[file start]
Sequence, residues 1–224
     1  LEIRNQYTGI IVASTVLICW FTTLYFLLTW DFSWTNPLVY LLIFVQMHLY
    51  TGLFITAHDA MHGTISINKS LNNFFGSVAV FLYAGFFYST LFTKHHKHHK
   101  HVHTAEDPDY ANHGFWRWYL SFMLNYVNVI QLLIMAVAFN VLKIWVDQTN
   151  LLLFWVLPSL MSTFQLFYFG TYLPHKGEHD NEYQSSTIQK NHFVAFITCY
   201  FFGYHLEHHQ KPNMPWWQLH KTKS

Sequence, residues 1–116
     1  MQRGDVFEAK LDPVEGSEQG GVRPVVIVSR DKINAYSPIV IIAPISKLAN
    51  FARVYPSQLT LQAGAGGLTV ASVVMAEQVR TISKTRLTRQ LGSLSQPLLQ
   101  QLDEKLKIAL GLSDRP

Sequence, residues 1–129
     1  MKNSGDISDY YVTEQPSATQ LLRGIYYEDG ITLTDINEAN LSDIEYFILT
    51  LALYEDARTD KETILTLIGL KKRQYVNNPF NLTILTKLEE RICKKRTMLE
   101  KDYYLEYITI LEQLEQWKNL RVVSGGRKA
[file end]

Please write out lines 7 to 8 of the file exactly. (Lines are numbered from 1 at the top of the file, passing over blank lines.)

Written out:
Sequence, residues 1–116
     1  MQRGDVFEAK LDPVEGSEQG GVRPVVIVSR DKINAYSPIV IIAPISKLAN